Kid culture is a relatively new(ish) phenomena defined by adults, (yup, guilty) who often have a clouded perspective of today’s youth. Adults view kids through the lens of moral panic. A moral panic occurs “when the official or press reaction to a deviant social or cultural phenomenon is ‘out of all proportion’ to the actual threat offered” (Mazzarella, 2007, 48). In addition, it is when a group is defined as a threat to the values of society and interests (Mazzarella, 2007). The purpose of the next 4 blog posts is to define how…
1) parents, 2) marketers, 3) journalists/documentarians, and 4) researchers aid in the development of the moral panic between adult culture and kid culture.
Distribution of media like CDs and DVDs has led to parents forming groups against these dispersal tactics. Parents’ Music Resource Center (PMRC) came on the scene in 1985, started by high profiled wives such as Tipper Gore, (ex)wife of then-senator Al Gore. Tipper Gore was shocked when she first heard the Prince song “Darling Nikki,” because the song references masturbation (Mazzarella, 2007). Though at the time the PMRC aimed to require all music, though predominately focused on heavy metal rock, to have a warning label if it contained explicit content inappropriate for children. Their passion spread to the Recording Industry Association of America (RIAA). In 1990 the RIAA adopted the “Parental Advisory/Explicit Lyrics” label that we now see when visiting record stores (Mazzarella, 2007). Though the high profiled wives and mothers were able to have their voices heard around the country, most parents don’t have the luxury. And with the popularity of online music sales through iTunes, Spotify, etc. the world of music (TV, movies, etc) is WIDE open for kids with a computer or smartphone and a wifi connection, see: EVERY kid, has access to any and all music.
Parents are forced to create their own rules for use in their household from music and television to the Internet. “One approach is through ‘restrictive mediation,’ a practice in which parents make rules about amount or time of viewing allowed, define forbidden content, and use media as part of a reward or punishment system” (Bachen, 2007, 242). The younger the child the more rules are placed on when, where and for how long use can take place. Parents of adolescents may lower their guard when it comes to displaying their favorite media characters, simply because they have more control over it in the home. By letting their children take part in “adolescent room culture,” the bedroom becomes a place where he or she “engage in identity work and investigate their future possibilities through media,” (Fisherkeller, 2007, 229). However, as parents become more familiar with the medium, particularly the Internet, rules may evolve (Bachen, 2007).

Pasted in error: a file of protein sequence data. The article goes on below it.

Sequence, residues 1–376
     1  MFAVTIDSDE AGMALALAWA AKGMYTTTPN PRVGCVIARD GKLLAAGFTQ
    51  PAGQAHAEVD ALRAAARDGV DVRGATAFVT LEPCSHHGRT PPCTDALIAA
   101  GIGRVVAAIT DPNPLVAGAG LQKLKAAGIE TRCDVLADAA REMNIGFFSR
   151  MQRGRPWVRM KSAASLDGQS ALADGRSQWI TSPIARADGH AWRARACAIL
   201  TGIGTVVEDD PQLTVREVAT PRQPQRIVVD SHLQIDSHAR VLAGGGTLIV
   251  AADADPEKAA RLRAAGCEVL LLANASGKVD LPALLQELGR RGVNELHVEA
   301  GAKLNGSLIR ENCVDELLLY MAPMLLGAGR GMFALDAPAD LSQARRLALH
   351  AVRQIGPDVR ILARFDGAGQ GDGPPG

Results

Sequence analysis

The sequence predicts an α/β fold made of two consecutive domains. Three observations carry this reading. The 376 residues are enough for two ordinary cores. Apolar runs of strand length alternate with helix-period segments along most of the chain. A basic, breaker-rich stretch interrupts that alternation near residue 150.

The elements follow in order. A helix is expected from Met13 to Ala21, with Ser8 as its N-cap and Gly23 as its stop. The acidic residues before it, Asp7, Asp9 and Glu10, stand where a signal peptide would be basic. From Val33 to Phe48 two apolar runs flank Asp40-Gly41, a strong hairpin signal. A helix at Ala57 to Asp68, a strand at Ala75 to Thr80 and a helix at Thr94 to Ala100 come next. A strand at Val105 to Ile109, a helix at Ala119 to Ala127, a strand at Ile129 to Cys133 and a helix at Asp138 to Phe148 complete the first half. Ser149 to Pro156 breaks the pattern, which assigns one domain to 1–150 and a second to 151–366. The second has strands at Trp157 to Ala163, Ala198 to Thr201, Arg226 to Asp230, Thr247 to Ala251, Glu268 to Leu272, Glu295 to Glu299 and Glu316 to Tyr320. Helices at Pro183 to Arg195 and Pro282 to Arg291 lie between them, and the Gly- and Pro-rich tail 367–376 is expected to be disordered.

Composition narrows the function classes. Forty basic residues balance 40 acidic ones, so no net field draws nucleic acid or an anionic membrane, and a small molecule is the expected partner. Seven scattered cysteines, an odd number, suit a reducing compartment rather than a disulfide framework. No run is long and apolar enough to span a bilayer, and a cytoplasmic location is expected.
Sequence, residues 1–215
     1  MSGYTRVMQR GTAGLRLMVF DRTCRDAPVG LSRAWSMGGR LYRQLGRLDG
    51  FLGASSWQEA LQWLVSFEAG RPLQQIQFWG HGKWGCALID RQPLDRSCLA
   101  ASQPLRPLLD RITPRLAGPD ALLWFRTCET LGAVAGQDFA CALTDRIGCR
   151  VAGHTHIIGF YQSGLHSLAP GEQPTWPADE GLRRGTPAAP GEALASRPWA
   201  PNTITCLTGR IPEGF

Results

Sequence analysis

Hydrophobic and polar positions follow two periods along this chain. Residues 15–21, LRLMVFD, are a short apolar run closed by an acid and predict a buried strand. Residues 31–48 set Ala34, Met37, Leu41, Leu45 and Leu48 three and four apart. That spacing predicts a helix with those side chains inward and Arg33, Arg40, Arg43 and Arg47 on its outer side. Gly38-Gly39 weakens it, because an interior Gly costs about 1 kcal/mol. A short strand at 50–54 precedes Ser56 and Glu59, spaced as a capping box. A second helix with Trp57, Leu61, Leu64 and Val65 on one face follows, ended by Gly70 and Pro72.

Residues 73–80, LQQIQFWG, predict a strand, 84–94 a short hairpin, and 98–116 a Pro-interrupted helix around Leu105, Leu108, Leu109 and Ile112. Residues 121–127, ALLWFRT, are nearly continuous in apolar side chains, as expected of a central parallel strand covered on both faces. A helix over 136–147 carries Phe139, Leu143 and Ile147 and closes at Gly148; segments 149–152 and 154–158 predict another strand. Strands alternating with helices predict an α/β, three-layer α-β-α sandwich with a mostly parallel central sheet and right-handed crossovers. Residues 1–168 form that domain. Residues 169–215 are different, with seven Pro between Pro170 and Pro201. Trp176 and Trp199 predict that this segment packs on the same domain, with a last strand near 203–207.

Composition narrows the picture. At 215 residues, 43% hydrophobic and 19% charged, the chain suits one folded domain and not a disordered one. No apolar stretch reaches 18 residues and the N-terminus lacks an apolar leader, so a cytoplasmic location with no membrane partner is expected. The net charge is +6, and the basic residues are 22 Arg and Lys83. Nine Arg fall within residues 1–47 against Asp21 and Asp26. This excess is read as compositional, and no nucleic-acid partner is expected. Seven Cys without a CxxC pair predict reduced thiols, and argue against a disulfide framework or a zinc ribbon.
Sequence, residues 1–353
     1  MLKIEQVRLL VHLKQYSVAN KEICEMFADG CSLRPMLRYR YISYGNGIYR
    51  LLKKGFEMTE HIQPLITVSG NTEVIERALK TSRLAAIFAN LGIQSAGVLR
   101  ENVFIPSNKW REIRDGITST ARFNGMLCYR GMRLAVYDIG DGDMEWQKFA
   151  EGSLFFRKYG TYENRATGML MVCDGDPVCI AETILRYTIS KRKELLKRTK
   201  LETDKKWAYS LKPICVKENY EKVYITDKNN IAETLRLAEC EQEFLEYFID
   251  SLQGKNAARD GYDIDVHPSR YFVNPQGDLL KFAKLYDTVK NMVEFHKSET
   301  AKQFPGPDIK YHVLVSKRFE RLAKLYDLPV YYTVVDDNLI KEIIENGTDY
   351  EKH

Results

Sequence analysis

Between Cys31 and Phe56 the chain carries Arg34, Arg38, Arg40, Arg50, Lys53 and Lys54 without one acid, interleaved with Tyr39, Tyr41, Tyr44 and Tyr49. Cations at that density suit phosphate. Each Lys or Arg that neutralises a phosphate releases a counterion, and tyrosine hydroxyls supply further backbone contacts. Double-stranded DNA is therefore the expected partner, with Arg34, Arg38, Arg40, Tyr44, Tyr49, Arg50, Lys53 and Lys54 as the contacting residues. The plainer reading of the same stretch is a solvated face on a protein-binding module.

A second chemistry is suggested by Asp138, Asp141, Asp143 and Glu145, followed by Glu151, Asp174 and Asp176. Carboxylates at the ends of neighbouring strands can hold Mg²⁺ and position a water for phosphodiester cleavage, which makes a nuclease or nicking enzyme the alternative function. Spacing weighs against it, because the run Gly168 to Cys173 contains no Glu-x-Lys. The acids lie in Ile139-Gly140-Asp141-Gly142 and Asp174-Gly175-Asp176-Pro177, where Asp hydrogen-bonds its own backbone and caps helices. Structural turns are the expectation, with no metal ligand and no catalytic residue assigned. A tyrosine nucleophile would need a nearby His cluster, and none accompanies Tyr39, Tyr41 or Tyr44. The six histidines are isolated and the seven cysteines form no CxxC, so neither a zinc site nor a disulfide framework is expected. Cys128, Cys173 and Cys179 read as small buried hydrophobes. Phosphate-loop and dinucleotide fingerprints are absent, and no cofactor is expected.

“Parents are deeply fearful about the World Wide Web’s influence on their children, according to the Annenberg Public Policy Center’s national survey of parents in computer households in the United States” (Aikat, 2005, 3). The Internet is a main concern because of the wide-range of freedom it gives children (Stern and Willis, 2007). Yet another reason why Facebook should have never left their college niche. “Teens have more autonomy to do, say and go where they wish than they have had historically” (Stern and Willis, 2007, 217). The three ways teenagers use the Internet is for communication, information seeking, and content creation. They communicate with their friends through
Instant Messaging, (awww RIP, AIM) Facebook Messaging and Text Messaging with the phones they now have and the ripe age of eight. Damn you societal norms. They also use the Internet to seek information for school assignments and often complete those assignments now completely online. Now, more popular than ever kids are posting photos via Instagram, tweeting tweets they shouldn’t be during school hours and maybe writing the occasional blog post. Despite these uses parents are still concerned with access to “inappropriate” content.
Having the world’s information at the thumbs of your kids is scary sure with websites that have content about “eating disorders, bomb making, alcohol, smoking, and most of all, pornography,” parents are concerned teens who are seeking information about these topics will find an overload of information easily and those teens not seeking this type of information may accidently stumble upon it (Stern and Willis, 2007, 218; Aikat, 2005). For example, whitehouse.gov is the official website of the government establishment, but an unknowing teen may accidently type in the dot com (.com) address only to find explicit content. Note: It’s no longer an explicit site like it was when I was in sixth grade, but for the sake of argument…that example will do. Right? thanks.
But I have also found in recent talks with parents (disclaimer: I’m not a parent) that the “everybody’s-doing-it syndrome” is taking over. And as a parent it’s getting more difficult to just say “no” to requests like “everyone has a cellphone, mom” which can quickly elaborate to “everyone has a Facebook, Twitter, Instagram, insert all the social networking tools here.”
So as a parent…what do you do? Do you give in? What age is an appropriate age to allow your son or daughter to handle the responsibility of a cellphone and online communications. Parents, I want to hear from you! Leave a comment!